Remember the high board at the swimming pool? After days of looking up at it you finally climbed the wet steps to the platform. From there, it was higher than ever. There were only two ways down: the steps to defeat, or the dive to victory. You stood on the edge, shivering in the hot sun, deathly afraid. At last you leaned too far forward, it was too late for retreat, and you dived. The high board was conquered, and you spent the rest of the day diving. Climbing a thousand high boards, we demolish fear, and turn into human beings.
Richard BachA Gift of Wings

The quote spoke directly to so many of us who hesitate to do that which frightens us the most!  For some, it spoke specifically to our work with headstands this past weekend.  I have a headstand bench.  So many people hesitate to use it at first, but once they do, they want to go out and purchase one because going upside down has so many benefits and inversions, when you can do them, create an incredible sense of euphoria!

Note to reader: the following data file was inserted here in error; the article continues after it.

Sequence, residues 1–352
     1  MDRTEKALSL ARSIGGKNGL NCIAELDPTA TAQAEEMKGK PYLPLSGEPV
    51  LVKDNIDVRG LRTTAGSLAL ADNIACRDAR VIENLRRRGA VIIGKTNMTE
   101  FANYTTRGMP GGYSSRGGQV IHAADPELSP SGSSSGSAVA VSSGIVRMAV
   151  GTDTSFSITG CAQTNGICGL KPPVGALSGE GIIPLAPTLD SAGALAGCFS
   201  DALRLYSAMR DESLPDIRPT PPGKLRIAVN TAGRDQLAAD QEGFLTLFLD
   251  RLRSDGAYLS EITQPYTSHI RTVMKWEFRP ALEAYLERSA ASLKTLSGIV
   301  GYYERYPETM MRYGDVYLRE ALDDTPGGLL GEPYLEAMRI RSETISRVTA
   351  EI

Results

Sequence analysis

I don’t have photos from the work with the headstand bench, but I have a few photos from our glorious walks on the beach.  Enjoy! With love from Fran

March 7th, Ocean Shores, Washington...I swear we have the most beautiful beaches here in Washington!

March 7th, Ocean Shores, Washington…we have the most beautiful beaches here in Washington! (photo taken by Tricia)

Perfect fishing day to catch sea perch

Perfect fishing day to catch sea perch

Group shot (photo taken by Rick)

Group shot (photo taken by Rick)

formation on beach (photo taken by Tricia)

beach walk

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Collage from Joon’s Visit

May 13, 2014

Still in Hindelang, but I just got around to putting this collage together from Joon Joongwong’s visit last week.  It was great having him visit us in Seattle and Ocean Shores.  You can see from the collage below, that he brought a taste of Thailand to our home.  We also seemed to move nonstop from one wildlife reserve to another, one beautiful waterfall (Snoqualmie) to another (Sol Duc).  Rick and I also showed him some of the best our area has to offer in terms of wildlife and bird reserves, hot springs, ancient rain forests, wildflowers,  ocean, lakes, waterfalls, sunsets, and sunrises.

Click on “play” and watch this very short collage come alive with captions and upbeat happy music.